A Quick Guide To Smoke Alarms

Smoke Alarms

According to a 2019 Study by Macquarie University, Australia has more reported fatalities from residential fires than any other natural hazards combined. The report also mentions that many of these fatalities are preventable, which is why buildings and residences must have dedicated fire safety procedures and adequate smoke alarms sourced from reputable fire alarm suppliers.

Smoke alarms are an essential safety component for buildings in Australia. They are legally required to be installed in all places where people sleep, according to state legislatures across the country.

As such, the article below will detail a short guide on smoke alarms – ranging from the types of smoke alarms, what to look for in a smoke alarm, and how you can effectively use and place smoke alarms.

What Are Smoke Alarms?

Smoke alarms are devices that, upon detecting the effects of a fire, such as smoke particles in the air or heat, emit a loud sound warning the occupants of the building that a fire is present.

Smoke alarms should not be confused with smoke detectors. Smoke detectors like a Wi-Fi smoke detector sense smoke in particular and must be connected to a more extensive system for them to work.

Smoke alarms are usually found in residential settings, while smoke detectors are more commonly present in commercial or industrial areas.

What Type OF Smoke Alarms Are There?

There are several smoke alarms available for household use:

1. Ionisation Smoke Alarm

Ionisation alarms are more reactive to flaming fires than their counterparts and are exceptionally well-suited to detecting fires that emit little or no smoke.

As for how they work, the alarms contain a small amount of radioactive material ionising the air between 2 electrodes (one positively charged and one negatively charged). When smoke enters the ionisation chamber, the smoke particles change the current balance inside, which completes the circuit and sounds the alarm.

While they’re practical, ionisation smoke alarms carry the risk of having radioactive material, making them dangerous if handled or disposed of improperly.

2. Photoelectric Smoke Alarm

Photoelectric alarms are better at detecting smouldering (smoke-heavy) fires, such as burning foam-filled furniture or overheating PVC wiring. These alarms use a light-sensitive sensor to detect smoke particles – when smoke enters the alarm, the sensor detects the change in light and triggers the alarm.

That being said, it’s not uncommon for bugs or dust to enter the light sensor and accidentally trip the alarm, which can be a nuisance.

3. Other Types Of Safety Alarms

Other types of smoke alarms include the dual-sensor alarm (a combination between ionisation and photoelectric smoke alarm) and the carbon monoxide alarm, which alerts you to dangerous levels of CO in your home.

For kitchens and garages where humidity and smoke can cause false alarms, heat alarms (which detect heat instead of smoke or particles) are the better choice, as they only register temperature changes associated with a fire.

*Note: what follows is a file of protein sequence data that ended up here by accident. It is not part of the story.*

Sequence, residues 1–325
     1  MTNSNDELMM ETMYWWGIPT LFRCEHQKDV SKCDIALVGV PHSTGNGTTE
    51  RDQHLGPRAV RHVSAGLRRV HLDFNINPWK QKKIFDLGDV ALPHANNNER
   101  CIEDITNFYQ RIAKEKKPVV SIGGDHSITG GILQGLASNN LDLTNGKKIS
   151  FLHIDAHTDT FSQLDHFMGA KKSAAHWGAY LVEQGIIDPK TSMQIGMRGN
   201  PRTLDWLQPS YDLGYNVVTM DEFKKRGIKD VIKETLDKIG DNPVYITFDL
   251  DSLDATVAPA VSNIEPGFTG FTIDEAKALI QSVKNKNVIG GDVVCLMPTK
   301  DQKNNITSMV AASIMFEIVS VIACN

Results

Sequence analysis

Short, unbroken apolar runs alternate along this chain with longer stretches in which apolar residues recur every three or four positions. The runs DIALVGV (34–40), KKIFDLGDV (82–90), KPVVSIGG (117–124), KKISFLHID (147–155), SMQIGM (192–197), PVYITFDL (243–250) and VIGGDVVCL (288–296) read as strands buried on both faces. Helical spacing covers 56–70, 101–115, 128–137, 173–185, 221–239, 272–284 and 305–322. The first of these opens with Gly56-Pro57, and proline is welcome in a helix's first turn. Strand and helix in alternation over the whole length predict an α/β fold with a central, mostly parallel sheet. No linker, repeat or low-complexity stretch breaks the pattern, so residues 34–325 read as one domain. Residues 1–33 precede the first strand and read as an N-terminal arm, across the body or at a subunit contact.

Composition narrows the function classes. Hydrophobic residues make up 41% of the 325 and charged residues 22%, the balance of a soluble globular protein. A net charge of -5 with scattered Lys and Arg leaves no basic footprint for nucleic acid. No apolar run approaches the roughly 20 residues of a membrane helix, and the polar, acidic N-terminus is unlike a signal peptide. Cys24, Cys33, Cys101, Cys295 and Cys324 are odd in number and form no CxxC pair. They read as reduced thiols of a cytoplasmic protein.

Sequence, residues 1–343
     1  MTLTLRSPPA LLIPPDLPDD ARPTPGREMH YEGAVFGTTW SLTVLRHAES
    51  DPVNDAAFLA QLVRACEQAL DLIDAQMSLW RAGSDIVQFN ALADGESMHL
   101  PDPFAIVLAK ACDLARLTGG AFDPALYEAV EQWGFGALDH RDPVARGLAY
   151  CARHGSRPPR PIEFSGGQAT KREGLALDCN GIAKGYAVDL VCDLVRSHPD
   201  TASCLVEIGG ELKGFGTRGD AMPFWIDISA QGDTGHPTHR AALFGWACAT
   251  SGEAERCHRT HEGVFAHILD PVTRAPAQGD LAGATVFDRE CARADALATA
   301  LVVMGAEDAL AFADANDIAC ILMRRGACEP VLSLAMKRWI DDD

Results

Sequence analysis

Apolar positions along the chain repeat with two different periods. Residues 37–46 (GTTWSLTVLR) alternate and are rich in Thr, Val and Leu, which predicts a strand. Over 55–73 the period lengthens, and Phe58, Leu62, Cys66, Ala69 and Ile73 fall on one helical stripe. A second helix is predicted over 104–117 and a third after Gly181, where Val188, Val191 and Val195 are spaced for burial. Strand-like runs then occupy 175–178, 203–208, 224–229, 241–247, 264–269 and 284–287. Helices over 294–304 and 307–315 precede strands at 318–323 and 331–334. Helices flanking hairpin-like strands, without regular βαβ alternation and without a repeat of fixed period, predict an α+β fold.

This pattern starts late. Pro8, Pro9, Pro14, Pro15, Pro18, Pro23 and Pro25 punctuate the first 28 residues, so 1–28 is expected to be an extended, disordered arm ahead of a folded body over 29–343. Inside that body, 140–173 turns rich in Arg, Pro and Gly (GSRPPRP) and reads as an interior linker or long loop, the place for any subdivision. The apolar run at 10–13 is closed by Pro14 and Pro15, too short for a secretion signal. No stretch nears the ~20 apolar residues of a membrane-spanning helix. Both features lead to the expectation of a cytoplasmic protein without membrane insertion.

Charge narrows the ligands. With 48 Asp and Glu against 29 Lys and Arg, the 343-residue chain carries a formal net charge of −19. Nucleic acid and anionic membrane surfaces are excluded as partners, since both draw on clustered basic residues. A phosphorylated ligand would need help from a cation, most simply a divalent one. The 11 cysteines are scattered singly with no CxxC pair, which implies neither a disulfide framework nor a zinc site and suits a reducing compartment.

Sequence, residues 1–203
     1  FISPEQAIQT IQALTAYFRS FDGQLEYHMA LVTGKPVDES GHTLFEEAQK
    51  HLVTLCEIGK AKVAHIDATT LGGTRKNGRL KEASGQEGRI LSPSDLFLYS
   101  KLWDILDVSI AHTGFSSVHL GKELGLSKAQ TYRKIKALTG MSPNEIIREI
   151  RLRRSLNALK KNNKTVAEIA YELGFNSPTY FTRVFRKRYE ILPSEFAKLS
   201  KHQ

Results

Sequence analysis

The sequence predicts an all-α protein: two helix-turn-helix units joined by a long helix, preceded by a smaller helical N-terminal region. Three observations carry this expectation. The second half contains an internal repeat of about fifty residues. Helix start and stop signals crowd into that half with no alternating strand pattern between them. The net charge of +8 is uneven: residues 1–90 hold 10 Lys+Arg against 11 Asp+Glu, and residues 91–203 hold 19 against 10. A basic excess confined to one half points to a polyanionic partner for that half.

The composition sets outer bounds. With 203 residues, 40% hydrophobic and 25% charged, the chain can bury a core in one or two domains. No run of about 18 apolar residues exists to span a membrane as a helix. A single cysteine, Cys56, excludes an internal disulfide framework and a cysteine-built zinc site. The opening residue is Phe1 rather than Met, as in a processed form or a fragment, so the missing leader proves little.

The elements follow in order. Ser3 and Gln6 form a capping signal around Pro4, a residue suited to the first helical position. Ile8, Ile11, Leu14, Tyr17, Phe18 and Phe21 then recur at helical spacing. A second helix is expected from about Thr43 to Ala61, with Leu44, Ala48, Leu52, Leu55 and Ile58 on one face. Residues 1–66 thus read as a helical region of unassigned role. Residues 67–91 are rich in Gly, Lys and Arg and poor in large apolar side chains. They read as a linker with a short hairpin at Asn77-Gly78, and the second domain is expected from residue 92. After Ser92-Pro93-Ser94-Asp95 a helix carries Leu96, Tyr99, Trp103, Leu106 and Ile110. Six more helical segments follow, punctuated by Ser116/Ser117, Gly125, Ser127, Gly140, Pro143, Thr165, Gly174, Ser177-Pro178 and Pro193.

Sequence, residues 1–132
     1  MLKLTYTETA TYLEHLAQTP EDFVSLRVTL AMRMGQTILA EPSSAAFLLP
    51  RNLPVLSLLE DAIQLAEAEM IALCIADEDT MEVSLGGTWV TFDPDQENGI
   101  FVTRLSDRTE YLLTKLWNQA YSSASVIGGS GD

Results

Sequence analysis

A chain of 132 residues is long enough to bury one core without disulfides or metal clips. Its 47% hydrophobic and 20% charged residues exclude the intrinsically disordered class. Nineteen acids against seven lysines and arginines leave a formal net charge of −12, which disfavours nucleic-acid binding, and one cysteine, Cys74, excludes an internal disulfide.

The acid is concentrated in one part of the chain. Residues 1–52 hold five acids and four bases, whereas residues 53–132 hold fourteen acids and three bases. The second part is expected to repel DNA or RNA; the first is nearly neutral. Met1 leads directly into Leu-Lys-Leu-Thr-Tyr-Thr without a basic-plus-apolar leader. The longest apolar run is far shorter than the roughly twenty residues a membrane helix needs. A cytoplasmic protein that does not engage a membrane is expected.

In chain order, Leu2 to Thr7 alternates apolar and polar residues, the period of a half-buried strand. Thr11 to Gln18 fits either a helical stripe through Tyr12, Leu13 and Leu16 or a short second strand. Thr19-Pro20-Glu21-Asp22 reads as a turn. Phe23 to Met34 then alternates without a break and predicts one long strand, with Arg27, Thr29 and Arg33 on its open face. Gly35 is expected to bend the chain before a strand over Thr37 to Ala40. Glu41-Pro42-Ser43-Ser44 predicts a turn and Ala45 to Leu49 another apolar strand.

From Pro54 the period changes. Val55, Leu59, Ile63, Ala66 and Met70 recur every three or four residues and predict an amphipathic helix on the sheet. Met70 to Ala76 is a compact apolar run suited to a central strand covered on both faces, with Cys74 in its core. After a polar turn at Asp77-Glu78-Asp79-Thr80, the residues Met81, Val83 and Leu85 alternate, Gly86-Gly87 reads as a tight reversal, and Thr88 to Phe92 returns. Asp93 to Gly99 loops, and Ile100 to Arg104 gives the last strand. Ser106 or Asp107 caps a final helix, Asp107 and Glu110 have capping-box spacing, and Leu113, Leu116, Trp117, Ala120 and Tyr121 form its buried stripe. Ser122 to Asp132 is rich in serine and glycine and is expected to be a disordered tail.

Why Are Smoke Alarms Important?

Smoke alarms are critical for early detection of a fire in your home, giving you enough time to put out the fire if possible or escape with your life if the fire has gotten out of hand.

Statistically, smoke kills more people than actual fires. Moreover, most furniture today is manufactured from synthetic materials, which burn in minutes. This means that people have less time to escape an inferno, reinforcing the need for early fire prevention.

What Should I Look For In A Smoke Alarm?

Investing in a high-quality smoke alarm can be the difference between life and death. As such, here are several things you should look out for in a smoke alarm:

  • Compliant with Standard Australian certification or ActivFire registration.
  • A long-lasting replaceable battery (7 to 10 years).
  • An insect screen to prevent false alarms.
  • Interconnectivity, which allows alarms to back each other up.
  • Escape lights to help guide people to safety.
  • Test button to allow for tests to see if the alarm still works.
  • Purchase from a reputable fire alarm supplier or security system supplier.

How To Effectively Use and Maintain Your Smoke Alarm

It’s recommended to install a smoke alarm in bedrooms, living spaces (hallways, stairways) and the garage. Avoid installing your smoke alarms too close to your kitchen or bathroom, as the increased humidity may lead to false alarm trips.

The ideal position to install a smoke alarm is on the ceiling between sleeping and living areas; this provides a decent amount of area coverage and is the best position to detect smoke rising to the top. Be sure to consult an electrician if you’re not sure how to install a smoke alarm.

It is also recommended that you test your alarm monthly by pressing the built-in test button, which simulates the detection of smoke. If your smoke alarms are interconnected, you can observe whether they work effectively together.

As a general maintenance guide over the lifetime of your smoke alarm:

  • Try and test the alarm once a month.
  • Vacuum dust off the smoke alarm every six months (to prevent false alarms and ensure smoke can reach the sensor.
  • Replace lead/alkaline batteries once a year.
  • Replace lithium batteries every ten years (or sooner, depending on the manufacturer).

We hope this guide has been helpful in explaining the necessity of installing a fire alarm system in your home. Also remember to source your products from a reputable fire safety and security manufacturer to keep you and your loved ones safe.

A Quick Guide To Smoke Alarms

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